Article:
Dreaming and Writing

The details
Literature, Film, and Theatre Studies
Colchester Campus
Undergraduate: Level 6
Sunday 17 January 2021
Friday 26 March 2021
08 June 2020


Requisites for this module



Key module for


Module description

This workshop-based module will focus on the relationship between creative writing and dreams. The main focus will be to practically explore new forms and ideas for writing through engagement with literatures that explore dream forms, and/or use dream material for experimental narratives and poetry, as well as examples from a range of experimental film and art.

The group will be encouraged to write continually throughout the module using their own dreams, dream theory and other literary dream works as research for their work. The students will be strongly encouraged to keep a dream journal as a necessary aspect of the course. The group will be introduced to some 20th Century, classical and contemporary dream theories, as well as key psychoanalytic literature on dream interpretation to be engaged with through essential weekly independent reading.

Module aims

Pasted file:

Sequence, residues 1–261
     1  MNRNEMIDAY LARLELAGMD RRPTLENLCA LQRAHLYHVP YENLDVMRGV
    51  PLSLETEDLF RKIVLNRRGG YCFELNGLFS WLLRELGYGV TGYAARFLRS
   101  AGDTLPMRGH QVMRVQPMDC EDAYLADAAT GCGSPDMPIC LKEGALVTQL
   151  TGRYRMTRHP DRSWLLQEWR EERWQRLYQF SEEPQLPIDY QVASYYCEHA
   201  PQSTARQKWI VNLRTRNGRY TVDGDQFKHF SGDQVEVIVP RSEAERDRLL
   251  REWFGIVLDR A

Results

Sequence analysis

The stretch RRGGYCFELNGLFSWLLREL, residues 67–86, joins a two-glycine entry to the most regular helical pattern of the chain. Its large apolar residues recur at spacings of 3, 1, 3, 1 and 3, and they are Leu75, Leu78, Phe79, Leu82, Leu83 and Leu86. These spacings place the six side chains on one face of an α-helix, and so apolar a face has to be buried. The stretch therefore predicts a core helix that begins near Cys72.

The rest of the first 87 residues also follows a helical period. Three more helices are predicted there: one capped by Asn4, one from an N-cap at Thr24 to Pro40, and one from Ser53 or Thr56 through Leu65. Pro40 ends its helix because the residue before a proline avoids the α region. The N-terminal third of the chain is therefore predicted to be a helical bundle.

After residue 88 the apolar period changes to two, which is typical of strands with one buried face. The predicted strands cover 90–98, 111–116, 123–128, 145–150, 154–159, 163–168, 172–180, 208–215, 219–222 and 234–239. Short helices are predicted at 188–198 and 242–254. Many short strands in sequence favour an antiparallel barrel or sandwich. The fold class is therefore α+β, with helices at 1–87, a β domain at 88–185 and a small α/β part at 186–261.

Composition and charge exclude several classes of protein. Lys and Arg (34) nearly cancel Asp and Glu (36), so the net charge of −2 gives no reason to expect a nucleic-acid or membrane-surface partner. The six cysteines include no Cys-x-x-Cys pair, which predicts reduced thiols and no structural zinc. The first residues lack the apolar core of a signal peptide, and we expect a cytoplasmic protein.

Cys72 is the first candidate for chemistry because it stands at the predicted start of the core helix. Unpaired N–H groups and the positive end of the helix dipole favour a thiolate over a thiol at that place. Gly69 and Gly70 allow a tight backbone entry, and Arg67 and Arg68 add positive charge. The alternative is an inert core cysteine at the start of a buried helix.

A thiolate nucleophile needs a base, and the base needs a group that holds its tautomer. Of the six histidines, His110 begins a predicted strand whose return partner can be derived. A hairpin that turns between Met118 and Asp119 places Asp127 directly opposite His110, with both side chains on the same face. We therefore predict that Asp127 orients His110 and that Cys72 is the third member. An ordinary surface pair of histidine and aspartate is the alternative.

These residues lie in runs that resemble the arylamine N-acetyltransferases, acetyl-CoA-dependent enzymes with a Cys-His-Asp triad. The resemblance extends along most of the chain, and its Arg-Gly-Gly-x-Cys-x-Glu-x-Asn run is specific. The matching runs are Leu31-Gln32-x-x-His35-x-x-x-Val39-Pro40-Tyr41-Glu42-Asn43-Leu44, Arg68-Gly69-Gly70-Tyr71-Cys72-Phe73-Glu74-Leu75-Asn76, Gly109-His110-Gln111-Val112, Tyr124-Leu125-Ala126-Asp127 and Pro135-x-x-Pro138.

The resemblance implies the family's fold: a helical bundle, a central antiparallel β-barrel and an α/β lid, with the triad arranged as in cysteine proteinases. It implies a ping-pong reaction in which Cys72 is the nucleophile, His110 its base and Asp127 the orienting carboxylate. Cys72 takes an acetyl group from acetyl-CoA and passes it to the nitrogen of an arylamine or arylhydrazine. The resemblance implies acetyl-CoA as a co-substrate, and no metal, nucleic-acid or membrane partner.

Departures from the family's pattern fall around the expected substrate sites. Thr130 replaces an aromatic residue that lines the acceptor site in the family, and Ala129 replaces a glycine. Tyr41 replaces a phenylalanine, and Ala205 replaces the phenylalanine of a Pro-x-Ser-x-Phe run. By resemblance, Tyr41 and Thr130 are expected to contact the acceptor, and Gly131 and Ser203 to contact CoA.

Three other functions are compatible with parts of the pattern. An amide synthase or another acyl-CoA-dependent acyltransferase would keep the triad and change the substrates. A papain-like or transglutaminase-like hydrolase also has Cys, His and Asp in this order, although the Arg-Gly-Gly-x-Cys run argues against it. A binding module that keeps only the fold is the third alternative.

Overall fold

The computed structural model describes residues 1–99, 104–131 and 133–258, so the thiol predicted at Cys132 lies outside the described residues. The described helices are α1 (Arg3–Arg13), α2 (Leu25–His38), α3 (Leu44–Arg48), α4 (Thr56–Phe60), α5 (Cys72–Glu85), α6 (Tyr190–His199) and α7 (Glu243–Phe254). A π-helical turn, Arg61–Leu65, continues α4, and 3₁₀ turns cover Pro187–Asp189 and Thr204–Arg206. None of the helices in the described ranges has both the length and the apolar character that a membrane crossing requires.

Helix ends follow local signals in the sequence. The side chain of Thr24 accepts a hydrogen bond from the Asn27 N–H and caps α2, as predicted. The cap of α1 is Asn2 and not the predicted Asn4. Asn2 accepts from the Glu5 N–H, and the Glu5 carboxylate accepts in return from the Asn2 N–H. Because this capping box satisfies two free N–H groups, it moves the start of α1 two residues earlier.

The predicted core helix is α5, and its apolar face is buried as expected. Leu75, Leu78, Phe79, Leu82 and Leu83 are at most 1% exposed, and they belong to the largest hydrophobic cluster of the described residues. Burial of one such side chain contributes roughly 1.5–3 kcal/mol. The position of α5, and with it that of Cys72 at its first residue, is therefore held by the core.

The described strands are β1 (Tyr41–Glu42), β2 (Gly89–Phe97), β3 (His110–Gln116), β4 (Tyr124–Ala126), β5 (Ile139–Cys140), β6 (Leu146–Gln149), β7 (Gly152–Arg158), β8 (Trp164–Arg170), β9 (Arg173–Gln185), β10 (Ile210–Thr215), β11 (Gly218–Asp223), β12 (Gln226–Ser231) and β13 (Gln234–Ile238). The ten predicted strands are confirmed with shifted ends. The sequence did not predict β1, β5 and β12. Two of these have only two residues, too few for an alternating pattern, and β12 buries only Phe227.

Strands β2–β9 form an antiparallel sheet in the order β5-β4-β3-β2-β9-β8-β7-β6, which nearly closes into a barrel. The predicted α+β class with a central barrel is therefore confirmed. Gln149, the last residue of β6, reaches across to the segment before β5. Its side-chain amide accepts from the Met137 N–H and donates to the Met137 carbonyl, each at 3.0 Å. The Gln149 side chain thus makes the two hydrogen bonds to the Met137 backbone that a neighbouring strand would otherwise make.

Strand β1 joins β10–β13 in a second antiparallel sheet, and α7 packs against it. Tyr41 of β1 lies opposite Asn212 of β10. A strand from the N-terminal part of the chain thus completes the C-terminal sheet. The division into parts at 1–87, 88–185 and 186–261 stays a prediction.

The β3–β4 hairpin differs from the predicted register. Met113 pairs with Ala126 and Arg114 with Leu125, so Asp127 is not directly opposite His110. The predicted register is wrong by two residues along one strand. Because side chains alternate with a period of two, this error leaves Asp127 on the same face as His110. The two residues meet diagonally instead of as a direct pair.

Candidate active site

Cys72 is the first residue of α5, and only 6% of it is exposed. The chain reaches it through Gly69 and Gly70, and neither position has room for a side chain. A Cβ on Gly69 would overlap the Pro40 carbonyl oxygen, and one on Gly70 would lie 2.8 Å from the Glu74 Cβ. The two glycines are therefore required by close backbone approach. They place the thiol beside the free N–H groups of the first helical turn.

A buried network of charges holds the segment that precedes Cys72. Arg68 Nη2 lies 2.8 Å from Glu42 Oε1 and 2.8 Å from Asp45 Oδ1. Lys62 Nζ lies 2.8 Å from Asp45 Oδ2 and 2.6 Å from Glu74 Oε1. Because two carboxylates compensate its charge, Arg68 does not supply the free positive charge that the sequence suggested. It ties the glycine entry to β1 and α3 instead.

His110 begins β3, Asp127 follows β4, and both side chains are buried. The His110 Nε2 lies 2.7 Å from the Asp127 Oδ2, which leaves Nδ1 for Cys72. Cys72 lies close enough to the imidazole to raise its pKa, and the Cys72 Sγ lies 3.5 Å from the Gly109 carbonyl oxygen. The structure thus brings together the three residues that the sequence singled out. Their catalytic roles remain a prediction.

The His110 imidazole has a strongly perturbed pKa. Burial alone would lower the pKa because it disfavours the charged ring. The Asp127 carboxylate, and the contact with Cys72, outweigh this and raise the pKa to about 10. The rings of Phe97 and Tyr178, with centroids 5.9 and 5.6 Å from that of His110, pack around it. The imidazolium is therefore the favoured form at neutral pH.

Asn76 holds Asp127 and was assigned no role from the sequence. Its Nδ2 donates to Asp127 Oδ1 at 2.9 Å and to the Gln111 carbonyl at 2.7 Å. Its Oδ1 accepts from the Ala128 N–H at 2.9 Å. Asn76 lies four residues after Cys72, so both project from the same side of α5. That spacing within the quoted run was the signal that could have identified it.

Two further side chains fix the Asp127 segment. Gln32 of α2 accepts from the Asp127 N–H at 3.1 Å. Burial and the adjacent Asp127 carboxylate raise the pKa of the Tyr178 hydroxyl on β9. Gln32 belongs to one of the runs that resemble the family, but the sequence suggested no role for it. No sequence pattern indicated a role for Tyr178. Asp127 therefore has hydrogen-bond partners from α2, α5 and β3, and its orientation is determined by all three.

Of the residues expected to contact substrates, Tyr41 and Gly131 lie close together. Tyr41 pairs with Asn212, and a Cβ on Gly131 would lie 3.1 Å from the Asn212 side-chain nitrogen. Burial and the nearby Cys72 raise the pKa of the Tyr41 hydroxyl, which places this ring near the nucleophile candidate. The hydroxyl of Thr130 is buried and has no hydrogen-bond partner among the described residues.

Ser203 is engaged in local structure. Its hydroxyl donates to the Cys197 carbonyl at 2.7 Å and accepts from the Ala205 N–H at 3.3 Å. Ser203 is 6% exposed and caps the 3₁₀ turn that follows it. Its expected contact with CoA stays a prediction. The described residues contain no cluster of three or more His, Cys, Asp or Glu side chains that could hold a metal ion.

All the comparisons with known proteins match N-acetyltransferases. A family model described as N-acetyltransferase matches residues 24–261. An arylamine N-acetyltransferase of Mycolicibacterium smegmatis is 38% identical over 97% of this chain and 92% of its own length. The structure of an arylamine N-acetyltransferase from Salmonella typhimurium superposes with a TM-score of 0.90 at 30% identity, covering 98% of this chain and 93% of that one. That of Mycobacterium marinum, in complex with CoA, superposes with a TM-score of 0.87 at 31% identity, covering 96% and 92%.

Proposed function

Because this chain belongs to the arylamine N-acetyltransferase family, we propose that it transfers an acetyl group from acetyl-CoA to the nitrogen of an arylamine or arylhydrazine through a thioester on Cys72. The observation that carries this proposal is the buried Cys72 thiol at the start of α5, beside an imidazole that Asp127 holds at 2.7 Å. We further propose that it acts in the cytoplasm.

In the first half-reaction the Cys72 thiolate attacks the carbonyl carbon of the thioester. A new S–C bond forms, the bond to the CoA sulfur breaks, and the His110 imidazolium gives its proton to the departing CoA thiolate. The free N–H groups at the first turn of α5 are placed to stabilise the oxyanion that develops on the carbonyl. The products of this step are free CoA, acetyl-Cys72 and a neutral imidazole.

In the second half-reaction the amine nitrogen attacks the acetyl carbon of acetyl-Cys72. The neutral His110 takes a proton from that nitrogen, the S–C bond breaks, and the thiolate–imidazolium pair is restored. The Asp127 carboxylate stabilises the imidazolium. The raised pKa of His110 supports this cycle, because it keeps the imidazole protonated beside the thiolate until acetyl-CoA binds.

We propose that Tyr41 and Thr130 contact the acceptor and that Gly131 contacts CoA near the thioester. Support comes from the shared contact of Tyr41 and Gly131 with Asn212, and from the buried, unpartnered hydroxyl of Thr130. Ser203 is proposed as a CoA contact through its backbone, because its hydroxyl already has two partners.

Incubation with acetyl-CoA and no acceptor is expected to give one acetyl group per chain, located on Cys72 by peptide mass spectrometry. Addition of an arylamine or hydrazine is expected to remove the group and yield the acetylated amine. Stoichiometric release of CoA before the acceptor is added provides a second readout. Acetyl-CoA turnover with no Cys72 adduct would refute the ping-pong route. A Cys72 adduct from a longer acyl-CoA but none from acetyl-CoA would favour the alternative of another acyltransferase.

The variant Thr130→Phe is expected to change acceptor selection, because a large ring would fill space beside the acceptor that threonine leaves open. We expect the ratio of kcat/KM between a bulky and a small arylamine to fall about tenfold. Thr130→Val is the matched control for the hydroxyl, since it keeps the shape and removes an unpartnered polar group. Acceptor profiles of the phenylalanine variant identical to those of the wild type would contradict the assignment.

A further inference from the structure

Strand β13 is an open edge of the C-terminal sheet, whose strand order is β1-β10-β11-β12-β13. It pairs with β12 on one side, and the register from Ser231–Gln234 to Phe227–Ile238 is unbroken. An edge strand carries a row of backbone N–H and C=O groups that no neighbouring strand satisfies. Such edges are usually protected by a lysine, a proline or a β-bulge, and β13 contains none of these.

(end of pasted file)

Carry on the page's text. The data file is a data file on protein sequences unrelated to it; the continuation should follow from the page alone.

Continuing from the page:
* Explore experimental forms and ideas through the medium of dreams
* Employ innovative approaches to researching, composing and sharing creative writing
* Apply critical theory to various forms of surreal, innovative, transgressive and philosophically charged material.
* Build an identity as a writer, taking creative writing practice outside the classroom
* Experiment with form and ideas in poetry and prose
* Explore voice and character
* Consider the act of writing in conjunction with our experience of the world and our self-knowledge

Module learning outcomes

1. A rich portfolio of imaginative, cross-genre writing.
2. A grounded understanding of key theories and concepts relating to dream philosophies and literature.
3. A developed sense of creative writing practices.
4. Heightened confidence in working collaboratively and contribute to a assured and supportive writing environment

Module information

The independent creative writing project can be; poetry, fiction, film script, performance score, or somewhere in between some or all of these. This creative piece will be accompanied by a critical commentary that situates the work in terms of relevant theory and other creative works. In addition to the writing project, students will be asked to produce a small collaborative work (working in pairs, or possibly threes).

Example of General Reading:

Blanchot, Maurice, 'Dreaming, Writing' in Friendship, (Stanford: Stanford University Press, 1971)

Cixous, Hélène, Dream I Tell You, trans. by Beverley Bie Brahic (Edinburgh: Edinburgh University Press, 2006)

Farbman, Herschel, The Other Night: Dreaming, Writing, and Restlessness in Twentieth-Century Literature (New York: Fordham Press, 2008)

Freud, S., The interpretation of dreams; trans by Joyce Crick, (Oxford: Oxford World Classics, 1999)

Learning and teaching methods